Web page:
- a number of brainstorm sessions led by the management board,
- a number of training courses for new employees,
- a level of office experimenting,
- a number of productivity apps used by the staff,
- risk management strategies,
- a level of communication between teams,
- new features of a product,
- innovative forms of communicating with the audience of the company on social media platforms,
- a number of innovative growth channels etc.
Environment and Community
In the 21st century, the idea that a company has to be aware of the social environment in which it operates and to give back to the community has reached new heights.
Companies that respect the environment and the community are more likely to attract clients, followers and people in general.
The key performance indicators from this category reflect themes such as:
- a number of green volunteering activities done by employees,
- social initiatives in which the company is involved,
- scholarships offered by the company,
- an attitude towards community,
- a level of trust in the company brand,
- communication between the company and local authorities etc.
The Foundation of KPIs: Critical Success Factors
The critical success factors are factors that will be the foundation for creating the KPIs. Daily activities are linked to the organisation’s critical success factors. Each company is unique in its own way and the critical success factors depend on this uniqueness. The company must bring its people at the table of negotiation to establish what factors can lead to the success of the business. These factors need to reevaluated at least yearly, if not quarterly.
Let’s take an example. A tourism agency can set the following critical success factors for 2021:
- an average of 3 full packages for exotic destinations each week,
- an average of 7 full packages for internal destinations each week,
- a level of employee retention of 70%,
- a level of 90% of customer satisfaction,
- a good communication between the CEO and the workers,
- a high visibility on social media, which means at least 5k followers for the official Facebook page of the company etc.
At the heart of the critical success factors lie the daily activities. For example, the management of the shipping schedule is maintained with the use of professional time tracking and schedule software. Employees must update a schedule, verify departures and arrivals, a check list of the commodities shipped each day, the chat communication with drivers etc.
Characteristics of KPIs
The businesses must know exactly what they measure, how they measure it and how they use the results of the measurement for increasing the performance of the company.
The key performance indicator are unique for each organisation, but they can be characterized by few common elements:
A KPI must be verified regularly (weekly, monthly…). Of course, with the help of automation, Big Data or AI.
The monitoring can be done even daily. Each period of time brings its own data and that data describes how the business is evolving.
The measurements must be used according to a specific calendar in order to improve the elements that don’t work properly.
A KPI should be established in the first place by the CEO/management board that has the ability to integrate a long term vision into the internal processes of the company.
The leaders have the delicate tasks to determine which factors are critical for success, to link these factors to the daily activities, and in the end to establish the key performance indicators.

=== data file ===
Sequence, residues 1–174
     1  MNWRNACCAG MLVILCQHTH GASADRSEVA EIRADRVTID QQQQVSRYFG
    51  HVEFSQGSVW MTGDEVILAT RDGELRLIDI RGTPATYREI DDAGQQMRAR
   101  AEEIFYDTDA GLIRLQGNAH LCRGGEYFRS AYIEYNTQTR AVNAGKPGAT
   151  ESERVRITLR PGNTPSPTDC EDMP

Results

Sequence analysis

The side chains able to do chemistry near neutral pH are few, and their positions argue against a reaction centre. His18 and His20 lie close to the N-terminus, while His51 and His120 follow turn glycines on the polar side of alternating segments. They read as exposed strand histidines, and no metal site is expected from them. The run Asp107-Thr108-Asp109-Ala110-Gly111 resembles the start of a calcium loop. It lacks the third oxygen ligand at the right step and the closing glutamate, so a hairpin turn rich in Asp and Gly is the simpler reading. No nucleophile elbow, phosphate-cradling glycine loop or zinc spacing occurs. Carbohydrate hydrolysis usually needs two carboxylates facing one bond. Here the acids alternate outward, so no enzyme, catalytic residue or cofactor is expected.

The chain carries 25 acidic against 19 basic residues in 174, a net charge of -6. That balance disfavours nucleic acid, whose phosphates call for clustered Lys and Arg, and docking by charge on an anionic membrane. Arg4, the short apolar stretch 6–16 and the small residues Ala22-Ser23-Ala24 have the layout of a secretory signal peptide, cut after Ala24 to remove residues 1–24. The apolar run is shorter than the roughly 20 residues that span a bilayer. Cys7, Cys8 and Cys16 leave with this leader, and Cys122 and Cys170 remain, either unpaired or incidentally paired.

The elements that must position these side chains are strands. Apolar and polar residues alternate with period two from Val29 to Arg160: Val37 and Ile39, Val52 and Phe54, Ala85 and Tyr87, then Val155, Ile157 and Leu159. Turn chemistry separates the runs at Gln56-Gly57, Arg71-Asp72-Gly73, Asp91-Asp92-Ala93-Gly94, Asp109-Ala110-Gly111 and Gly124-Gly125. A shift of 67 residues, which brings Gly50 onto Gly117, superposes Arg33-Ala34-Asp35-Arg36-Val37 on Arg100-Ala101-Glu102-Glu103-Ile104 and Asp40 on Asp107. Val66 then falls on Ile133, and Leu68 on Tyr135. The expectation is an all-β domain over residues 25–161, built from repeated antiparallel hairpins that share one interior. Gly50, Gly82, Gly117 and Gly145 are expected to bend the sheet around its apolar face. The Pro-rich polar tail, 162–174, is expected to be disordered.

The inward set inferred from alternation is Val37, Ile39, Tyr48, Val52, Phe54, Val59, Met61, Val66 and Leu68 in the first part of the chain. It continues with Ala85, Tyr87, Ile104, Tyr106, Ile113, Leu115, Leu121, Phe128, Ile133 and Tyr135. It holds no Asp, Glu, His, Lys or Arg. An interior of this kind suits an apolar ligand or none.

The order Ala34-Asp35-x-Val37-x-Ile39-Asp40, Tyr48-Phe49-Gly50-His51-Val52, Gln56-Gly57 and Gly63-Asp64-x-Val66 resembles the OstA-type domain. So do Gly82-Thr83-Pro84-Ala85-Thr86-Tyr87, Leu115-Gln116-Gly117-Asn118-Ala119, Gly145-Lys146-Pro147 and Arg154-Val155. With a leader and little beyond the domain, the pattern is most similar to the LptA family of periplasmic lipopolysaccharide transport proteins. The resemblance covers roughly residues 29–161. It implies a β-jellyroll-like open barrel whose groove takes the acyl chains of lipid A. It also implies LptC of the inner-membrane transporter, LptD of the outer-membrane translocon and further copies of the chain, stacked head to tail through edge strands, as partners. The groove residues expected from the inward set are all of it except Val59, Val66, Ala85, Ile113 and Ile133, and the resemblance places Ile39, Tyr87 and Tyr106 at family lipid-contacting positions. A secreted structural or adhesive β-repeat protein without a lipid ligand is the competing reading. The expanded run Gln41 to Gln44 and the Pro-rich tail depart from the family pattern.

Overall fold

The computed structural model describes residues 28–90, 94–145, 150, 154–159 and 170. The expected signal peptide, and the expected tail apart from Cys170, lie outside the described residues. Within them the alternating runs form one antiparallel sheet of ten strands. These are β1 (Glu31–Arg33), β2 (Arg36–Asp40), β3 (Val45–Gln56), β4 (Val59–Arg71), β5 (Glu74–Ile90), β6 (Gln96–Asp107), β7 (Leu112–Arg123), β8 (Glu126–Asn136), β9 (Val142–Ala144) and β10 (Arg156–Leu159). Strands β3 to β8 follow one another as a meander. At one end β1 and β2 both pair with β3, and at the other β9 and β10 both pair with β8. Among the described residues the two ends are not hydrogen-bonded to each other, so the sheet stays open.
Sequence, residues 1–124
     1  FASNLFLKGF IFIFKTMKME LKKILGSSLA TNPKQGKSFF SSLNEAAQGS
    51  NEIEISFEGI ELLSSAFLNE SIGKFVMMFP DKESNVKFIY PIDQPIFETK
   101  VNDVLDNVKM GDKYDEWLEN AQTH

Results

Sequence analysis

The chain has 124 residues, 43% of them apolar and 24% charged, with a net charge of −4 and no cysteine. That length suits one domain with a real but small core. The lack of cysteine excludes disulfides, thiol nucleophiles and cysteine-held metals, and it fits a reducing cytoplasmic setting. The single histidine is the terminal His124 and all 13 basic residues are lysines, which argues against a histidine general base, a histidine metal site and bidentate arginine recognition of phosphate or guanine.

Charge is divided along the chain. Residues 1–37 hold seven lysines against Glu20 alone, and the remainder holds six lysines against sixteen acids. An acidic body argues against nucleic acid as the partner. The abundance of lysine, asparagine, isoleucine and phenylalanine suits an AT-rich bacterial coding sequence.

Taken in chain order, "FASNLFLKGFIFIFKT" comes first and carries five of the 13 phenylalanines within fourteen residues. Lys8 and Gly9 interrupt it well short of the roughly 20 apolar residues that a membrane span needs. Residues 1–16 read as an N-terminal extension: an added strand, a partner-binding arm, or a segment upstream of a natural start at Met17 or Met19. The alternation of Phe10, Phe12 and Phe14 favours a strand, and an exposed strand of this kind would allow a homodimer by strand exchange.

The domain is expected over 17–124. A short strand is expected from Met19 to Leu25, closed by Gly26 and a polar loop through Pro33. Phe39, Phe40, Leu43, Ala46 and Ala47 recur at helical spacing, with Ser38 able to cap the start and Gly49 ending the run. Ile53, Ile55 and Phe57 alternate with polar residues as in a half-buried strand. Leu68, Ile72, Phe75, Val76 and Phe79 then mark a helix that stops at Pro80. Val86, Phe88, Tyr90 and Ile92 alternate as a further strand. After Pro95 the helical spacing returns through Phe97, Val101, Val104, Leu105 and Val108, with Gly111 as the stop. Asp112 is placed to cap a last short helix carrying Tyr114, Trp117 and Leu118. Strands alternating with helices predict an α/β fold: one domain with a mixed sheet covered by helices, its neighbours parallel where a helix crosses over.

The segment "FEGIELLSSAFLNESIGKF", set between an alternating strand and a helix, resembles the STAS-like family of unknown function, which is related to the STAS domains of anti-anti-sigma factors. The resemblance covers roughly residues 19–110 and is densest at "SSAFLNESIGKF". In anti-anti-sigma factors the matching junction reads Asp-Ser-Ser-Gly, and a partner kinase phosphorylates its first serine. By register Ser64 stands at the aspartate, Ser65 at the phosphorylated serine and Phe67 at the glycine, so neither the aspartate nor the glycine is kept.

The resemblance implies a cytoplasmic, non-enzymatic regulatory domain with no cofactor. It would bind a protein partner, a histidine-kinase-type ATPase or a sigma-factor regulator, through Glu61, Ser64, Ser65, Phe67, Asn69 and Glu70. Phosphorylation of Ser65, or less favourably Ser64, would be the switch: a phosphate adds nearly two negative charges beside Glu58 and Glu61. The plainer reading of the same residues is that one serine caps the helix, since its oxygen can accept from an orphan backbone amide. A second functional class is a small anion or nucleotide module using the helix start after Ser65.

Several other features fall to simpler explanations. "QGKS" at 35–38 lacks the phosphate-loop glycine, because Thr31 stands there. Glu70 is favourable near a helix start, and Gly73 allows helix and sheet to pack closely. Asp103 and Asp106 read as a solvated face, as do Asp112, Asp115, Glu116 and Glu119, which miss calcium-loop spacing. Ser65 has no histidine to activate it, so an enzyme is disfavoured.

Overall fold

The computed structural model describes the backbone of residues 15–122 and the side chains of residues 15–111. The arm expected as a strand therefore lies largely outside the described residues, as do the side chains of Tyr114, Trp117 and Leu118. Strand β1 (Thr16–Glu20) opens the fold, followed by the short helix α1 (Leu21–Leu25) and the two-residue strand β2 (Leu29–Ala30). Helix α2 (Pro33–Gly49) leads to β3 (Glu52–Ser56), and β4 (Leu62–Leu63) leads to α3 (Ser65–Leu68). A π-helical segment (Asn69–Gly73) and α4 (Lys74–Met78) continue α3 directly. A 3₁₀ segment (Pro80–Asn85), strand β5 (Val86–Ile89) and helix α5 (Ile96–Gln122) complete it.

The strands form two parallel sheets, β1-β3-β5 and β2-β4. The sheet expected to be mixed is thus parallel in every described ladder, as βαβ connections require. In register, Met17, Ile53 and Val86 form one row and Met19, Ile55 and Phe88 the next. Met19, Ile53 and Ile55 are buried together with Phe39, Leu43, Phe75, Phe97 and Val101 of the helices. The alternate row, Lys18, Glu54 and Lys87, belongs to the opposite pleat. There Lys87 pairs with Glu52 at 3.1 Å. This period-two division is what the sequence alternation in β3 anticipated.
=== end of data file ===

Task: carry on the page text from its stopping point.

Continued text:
Of course, this endeavour can become successful only if the leaders cooperate with the teams.
A KPI is not rocket science. It must be simple to understand and applied on a solid ground.
The employees have to know from their onboarding what performance is expected from them and how to achieve this performance by doing their daily tasks in a professional manner.
More than this, when creating a KPI, it should be taken into consideration the simplest way of measuring a certain element.
If kept clear, the entire measurement process can be done in a smooth way, avoiding the burden of fuzzy indicators.
A KPI is made for each specific activity. Let’s give an example: posting company news on social media is linked to the next KPI – an average of 300 likes for each post.
Of course, the companies have the freedom to select certain clusters of activities or the hierarchy inside the clusters.
There are companies that establish KPIs for the actual content posted on the company blog.
There are companies that don’t even have a blog, therefore they don’t need such KPIs.
Or companies that propose KPIs only for the overall marketing strategy.
A KPI should be based on the team that works closely for a common purpose. Each team will have a set of KPI that reflect the work of that specific department.
The Marketing and PR team will have a different set of KPIs from the team of Human Resources or the team of IT maintenance.
The team is the key for building key performance indicators because it makes those activities on a rolling basis and knows what can be improved or not.
A KPI is related to facts and activities that have a major impact on the company. The leaders and the teams will decide which KPIs are integrated in various fields.
It also depends on a type of the company, traits of the usual customers, a risk and innovation management, projects done by the company, a type of leadership etc.
Coping with the flaws of KPIs
Nevertheless, a key performance indicator should encourage a professional and proper behavior from the staff. It is said that markets can’t be judged based on their morality but a clean and professional behavior is essential for building a trustworthy company.
No one wants to buy a product from a company that is exploiting its workers until they burn out.
Or from a company that is prohibiting the free speech among the workers, that allows racial discrimination etc.
The Role of KPIs in Various Management Style